By Scott Long
Vegas has the glitz and glamour, but if you only think of Sin City when you think of “Nevada” and “poker,” you’re missing a whole other world. And plenty of great poker to boot. To the north, Reno is known as the “Biggest Little City in the World,” but nothing is little about the poker being played there and the neighboring playground of Lake Tahoe. To the south, you’ll find a peaceful oasis away from the hustle and bustle of Vegas called Laughlin — and plenty of places to play some cards.
If you’re looking to play right after you land — or play right up until your flight takes off — it’s hard to beat the convenience of Reno. Three of the largest rooms in the area — Atlantis, Peppermill and Grand Sierra — appear to be almost walkable from Reno-Tahoe International Airport.
And they are rooms worth the walk.
South Virginia Street boasts the two biggest, both run by personable veterans of the poker world with owners who “get” poker. Don’t underestimate what that last part means as more and more poker rooms in the country are being managed out of the pits, forced to fight their more profitable table-game siblings. Both offer a variety of games and limits, yet another refreshing feature rare these days in many poker rooms.
Mike Gainey this summer oversaw a multimillion-dollar renovation of his room at Peppermill, making him the envy of poker room managers everywhere (see story in the August issue of Ante Up). Finished in rich colors and even richer fixtures, the room offers a comfortable place to play during a blistering series of tournament events throughout the year, including the wildly unique and recently concluded Mike Gainey’s Chop Pot Poker Classic.
Bee Estis, no stranger to innovation, continues his creativity down the road under orders from the top to put the Atlantis on the poker map. A new deal with the World Poker Tour highlights his tournament offerings, but the room takes loyalty to a new level with a rewards card so exclusive you can’t ask for it. Estis gives it to you after you’ve established a record of play in the room. And membership has its privileges.
The Grand Sierra to the north is known to many as the Reno Hilton, but the resort that has gone through numerous ownership and name changes continues to evolve again as it’s aggressively marketing its seasonal tournament series. Those events play out conveniently in a large space just in front of the poker room.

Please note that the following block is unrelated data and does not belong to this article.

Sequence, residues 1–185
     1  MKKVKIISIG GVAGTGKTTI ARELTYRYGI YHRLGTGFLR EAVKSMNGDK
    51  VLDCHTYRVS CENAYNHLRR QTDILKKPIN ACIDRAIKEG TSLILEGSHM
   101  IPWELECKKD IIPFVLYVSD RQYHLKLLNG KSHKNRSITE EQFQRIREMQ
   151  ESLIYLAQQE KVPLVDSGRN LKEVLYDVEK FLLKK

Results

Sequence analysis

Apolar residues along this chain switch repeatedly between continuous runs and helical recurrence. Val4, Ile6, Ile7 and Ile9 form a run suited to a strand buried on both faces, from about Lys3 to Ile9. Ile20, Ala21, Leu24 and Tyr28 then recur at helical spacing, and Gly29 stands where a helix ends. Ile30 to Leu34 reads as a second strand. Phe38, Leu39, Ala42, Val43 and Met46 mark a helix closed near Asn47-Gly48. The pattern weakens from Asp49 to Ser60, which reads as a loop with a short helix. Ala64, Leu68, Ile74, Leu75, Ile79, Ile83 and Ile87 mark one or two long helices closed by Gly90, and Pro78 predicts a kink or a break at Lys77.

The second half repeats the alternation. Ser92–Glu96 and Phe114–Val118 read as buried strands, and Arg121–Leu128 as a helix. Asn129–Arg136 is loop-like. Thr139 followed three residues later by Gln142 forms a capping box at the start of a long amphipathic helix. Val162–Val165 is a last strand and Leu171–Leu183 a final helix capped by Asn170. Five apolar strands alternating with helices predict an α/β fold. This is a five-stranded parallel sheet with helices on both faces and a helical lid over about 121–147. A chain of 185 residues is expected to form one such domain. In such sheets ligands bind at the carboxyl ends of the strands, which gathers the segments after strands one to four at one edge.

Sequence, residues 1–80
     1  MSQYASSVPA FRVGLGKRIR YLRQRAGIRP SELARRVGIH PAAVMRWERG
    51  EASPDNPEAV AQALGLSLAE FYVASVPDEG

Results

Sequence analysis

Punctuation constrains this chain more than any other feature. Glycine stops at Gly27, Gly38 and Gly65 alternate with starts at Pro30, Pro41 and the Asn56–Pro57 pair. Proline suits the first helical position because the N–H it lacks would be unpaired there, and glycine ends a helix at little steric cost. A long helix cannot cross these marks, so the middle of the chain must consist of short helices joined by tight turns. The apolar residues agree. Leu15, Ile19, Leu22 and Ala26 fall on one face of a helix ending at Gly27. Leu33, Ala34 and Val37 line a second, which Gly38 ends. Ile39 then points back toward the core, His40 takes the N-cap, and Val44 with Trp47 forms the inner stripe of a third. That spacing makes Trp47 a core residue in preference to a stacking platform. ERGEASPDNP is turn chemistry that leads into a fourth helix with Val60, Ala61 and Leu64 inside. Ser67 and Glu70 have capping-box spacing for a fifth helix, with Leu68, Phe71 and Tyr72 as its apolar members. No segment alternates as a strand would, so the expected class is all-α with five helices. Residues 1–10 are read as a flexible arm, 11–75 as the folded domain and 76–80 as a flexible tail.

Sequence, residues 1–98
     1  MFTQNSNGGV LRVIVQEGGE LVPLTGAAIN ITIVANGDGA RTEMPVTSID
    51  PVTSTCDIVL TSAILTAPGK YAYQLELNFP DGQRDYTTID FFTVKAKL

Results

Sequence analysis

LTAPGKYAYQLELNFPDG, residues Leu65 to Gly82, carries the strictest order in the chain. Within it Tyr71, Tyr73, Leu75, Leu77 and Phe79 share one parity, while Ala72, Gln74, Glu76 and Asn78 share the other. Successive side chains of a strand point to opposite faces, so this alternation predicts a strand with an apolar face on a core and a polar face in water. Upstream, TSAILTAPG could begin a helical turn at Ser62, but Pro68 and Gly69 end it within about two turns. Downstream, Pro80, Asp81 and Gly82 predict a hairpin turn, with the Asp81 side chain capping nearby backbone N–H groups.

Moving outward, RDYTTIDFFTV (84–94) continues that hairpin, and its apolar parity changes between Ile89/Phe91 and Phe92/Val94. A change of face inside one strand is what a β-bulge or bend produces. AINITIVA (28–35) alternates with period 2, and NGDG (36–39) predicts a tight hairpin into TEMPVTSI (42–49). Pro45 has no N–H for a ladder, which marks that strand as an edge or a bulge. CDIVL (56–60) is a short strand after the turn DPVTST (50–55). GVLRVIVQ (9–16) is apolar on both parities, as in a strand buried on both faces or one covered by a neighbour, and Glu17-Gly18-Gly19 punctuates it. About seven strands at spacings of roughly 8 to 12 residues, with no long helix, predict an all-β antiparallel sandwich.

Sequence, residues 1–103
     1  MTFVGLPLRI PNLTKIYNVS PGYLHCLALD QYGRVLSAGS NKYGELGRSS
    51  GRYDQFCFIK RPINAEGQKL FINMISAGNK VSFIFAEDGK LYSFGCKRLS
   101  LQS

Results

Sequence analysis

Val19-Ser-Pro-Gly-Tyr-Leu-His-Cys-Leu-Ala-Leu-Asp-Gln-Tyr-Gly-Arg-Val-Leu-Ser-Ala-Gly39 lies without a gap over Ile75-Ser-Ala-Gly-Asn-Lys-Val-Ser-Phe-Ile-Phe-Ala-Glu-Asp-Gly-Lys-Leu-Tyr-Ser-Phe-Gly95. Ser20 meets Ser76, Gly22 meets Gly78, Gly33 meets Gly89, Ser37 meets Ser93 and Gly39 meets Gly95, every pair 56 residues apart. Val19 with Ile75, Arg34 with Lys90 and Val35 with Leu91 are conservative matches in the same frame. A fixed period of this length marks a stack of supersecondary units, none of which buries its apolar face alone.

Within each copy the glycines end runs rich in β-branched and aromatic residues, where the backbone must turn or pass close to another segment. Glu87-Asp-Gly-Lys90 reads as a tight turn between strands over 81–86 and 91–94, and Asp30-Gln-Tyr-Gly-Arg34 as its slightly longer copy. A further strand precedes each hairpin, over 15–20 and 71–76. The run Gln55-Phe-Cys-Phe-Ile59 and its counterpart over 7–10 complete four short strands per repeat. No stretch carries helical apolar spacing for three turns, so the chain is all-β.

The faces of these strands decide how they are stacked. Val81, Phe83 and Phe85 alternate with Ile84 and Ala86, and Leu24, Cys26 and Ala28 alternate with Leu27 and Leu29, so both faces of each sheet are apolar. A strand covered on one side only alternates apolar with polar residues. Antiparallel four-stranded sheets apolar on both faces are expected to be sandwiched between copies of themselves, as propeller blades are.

The Eldorado anchors casino strip proper — the area made famous with pictures of the city’s historic curved sign. Margie Heintz, recently inducted into the Women in Poker Hall of Fame, puts her personality on the resort that towers literally and figuratively over downtown with a loyal base of players that ensures there’s always a variety of games, including stud. About a half-dozen smaller rooms keep each other on their toes in the shadow of the Eldorado, and the Silver Legacy is the latest to try the all-electronic route with a new room outfitted exclusively with PokerPro tables.
A handful of other rooms can found on the outskirts of town, the largest of which is John Ascuaga’s Nugget in the town of Sparks. But head south on Highway 395, and you’ll pass a couple of small rooms north of Lake Tahoe and a few more small rooms in Carson City before heading west to the playground of northern Nevada — South Lake Tahoe.
The bustling resort town offers plenty of recreation regardless of the season, but its small cadre of poker rooms is highlighted by the busy Harveys Lake Tahoe, a Caesars Entertainment property that hosts a World Series of Poker Circuit event each November. More than capably run by Vince Contaxis, the 20-table room is party central for the young weekend crowd in town.
About a two-hour drive south of Las Vegas sits a resort town carved by Don Laughlin on the southernmost tip of Nevada. It offers a laid-back and wildly inexpensive respite from the neon rush of the Strip, where outdoor recreation rivals casino gaming for attention.
Casino row sits on the rushing waters of the Colorado River, with many of the town’s poker rooms offering a picturesque view of the water — a welcome change from the scenery in most poker rooms.
Many of the town’s rooms are walkable from each other, some connected by a pedestrian-friendly riverwalk, and the only room truly requiring a car is Avi, which holds the distinction of being the only tribal-owned casino in Nevada. The full-featured resort is worth a drive, especially if you want to hit the charming, burro-dominated tourist trap of Oatman.
But most visitors will find it relaxing enough to stay in Laughlin proper, where the standard is $2-$6 spread-limit. Many a Laughlin poker room manager has tried to steer the mostly older clientele into no-limit hold’em, but the friendly town likes its friendly game.
Harrah’s, however, gets no-limit going, and Colorado Belle, the largest room in town, offers a bit more variety, including Omaha. The Belle, which also runs the nearby Edgewater, features plenty of character, extending its riverboat feel to the poker room with period-piece artwork.
Jim Vincent, a veteran of Laughlin, can now be found helming the room at Don Laughlin’s Riverside Resort, and the Golden Nugget is the new kid on the block, opening a room after having success with occasional tournaments that are the hallmark of the Nugget brand in Las Vegas. And the River Palms offers what many poker players wish for — a room set way aside from the dinging of slot machines.
Nevada’s ‘other’ poker rooms
John Ascauaga’s Nugget
Hyatt Regency Lake Tahoe
Harveys Lake Tahoe
Carson City area
Casino Valley Inn
Don Laughlin’s Riverside